Calorie counts on food labels should not be trusted. Why not?
1. In his New York Times Op-Doc, filmmaker Casey Neistat enlisted the services of a science lab equipped with a calorimeter and tested five random samples selected from among foods he might eat on any given day. Four of those five had more calories than their labels said they did. A pre-packaged spicy tofu sandwich had almost double the amount. Only one item came in under the stated calorie count.
2. Some scientists are questioning the system that is used for measuring calories in foods - the century-old Atwater system. This very system does not take into the account the fact that the degree to which our bodies metabolize foods varies with the type of food, the level of processing it has undergone and the “energy status” of the person eating it.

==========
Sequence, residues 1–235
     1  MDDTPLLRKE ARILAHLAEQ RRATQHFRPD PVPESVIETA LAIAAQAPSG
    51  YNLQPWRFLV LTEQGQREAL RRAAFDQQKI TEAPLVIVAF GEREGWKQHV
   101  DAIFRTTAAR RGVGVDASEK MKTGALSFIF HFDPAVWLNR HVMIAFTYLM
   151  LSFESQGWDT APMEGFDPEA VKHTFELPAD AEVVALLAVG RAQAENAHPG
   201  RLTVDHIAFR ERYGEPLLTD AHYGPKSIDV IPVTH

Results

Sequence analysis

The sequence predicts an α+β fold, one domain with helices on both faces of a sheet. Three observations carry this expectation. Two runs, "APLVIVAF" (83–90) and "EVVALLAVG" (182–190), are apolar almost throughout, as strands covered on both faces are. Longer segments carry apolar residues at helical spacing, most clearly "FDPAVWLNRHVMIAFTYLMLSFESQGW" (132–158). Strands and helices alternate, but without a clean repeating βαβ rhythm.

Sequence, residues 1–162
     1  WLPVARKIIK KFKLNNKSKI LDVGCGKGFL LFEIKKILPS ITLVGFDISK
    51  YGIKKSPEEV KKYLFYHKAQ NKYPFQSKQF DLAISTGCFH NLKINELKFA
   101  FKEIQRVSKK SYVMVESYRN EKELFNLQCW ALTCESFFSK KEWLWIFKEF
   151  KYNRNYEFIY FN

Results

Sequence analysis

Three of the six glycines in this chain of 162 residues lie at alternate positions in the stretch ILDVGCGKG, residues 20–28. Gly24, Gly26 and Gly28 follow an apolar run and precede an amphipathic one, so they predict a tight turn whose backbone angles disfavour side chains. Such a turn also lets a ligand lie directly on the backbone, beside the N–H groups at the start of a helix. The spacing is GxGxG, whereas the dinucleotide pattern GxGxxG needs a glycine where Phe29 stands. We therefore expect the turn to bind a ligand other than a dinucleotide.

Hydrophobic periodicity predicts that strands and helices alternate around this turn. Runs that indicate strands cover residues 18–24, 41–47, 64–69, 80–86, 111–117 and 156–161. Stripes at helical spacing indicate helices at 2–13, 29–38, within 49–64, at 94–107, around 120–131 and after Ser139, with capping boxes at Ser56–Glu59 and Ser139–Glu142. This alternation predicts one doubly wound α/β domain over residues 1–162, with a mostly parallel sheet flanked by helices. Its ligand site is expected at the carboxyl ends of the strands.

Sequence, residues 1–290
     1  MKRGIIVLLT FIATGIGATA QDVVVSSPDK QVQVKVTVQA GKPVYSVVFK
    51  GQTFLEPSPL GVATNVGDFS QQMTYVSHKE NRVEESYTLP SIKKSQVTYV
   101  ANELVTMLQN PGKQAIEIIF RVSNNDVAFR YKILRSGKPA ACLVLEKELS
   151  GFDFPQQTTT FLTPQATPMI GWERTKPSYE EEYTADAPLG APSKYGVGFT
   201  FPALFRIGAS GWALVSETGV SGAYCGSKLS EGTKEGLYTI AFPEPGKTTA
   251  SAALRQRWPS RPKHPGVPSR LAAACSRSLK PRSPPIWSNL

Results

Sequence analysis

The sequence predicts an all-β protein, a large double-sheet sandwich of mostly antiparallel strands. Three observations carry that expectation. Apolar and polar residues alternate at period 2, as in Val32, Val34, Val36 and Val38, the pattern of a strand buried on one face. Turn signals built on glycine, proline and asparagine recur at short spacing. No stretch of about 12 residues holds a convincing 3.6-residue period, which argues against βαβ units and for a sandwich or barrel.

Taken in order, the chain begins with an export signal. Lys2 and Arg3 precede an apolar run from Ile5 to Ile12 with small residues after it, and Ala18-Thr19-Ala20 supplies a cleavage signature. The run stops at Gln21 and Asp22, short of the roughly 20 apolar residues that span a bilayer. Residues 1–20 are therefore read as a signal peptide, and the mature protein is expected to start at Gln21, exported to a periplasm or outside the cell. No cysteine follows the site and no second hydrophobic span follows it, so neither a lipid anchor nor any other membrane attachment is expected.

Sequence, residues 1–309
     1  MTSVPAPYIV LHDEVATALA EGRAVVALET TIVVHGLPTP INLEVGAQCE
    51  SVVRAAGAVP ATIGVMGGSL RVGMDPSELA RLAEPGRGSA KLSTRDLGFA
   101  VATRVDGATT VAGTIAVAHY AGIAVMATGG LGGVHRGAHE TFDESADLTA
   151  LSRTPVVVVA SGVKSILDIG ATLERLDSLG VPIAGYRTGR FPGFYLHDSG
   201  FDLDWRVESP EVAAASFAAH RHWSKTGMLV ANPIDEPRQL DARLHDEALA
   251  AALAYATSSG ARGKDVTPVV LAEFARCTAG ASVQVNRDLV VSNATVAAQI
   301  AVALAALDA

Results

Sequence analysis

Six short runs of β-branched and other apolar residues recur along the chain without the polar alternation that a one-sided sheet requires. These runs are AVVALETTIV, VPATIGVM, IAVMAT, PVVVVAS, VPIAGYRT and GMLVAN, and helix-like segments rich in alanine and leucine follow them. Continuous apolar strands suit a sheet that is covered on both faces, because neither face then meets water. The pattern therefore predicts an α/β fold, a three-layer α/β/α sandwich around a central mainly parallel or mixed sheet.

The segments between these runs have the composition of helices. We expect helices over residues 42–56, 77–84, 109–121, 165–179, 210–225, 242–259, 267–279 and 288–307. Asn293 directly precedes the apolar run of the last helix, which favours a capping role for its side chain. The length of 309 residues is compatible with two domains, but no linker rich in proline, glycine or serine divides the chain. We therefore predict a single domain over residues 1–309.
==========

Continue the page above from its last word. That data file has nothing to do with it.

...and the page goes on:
3. Food processing affects the number of calories we absorb from a food so something that is more highly processed is going to represent more calories than in a less processed form and possibly more calories than listed on the label
4. Not all aspects of digestion are represented in the Atwater factors normally used in the determination of metabolizable energy value so researchers who report Atwater-based energy values as well as consumers who utilize nutrition labels to manage their caloric intake will underestimate the energetic gains associated with a processed diet.
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